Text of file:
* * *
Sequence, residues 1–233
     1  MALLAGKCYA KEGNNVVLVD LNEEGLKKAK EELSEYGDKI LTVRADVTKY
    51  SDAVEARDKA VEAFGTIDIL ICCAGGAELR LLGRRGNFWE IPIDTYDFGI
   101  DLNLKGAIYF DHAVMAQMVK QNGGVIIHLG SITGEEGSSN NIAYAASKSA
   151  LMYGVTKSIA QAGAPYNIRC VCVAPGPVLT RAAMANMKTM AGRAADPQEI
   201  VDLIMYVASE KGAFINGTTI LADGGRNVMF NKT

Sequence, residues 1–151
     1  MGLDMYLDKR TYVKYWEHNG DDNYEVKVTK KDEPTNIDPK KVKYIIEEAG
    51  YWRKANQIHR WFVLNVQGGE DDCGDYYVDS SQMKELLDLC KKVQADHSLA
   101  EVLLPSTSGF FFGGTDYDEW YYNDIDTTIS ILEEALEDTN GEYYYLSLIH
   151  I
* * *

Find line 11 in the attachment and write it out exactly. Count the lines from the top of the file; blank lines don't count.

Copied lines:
   151  I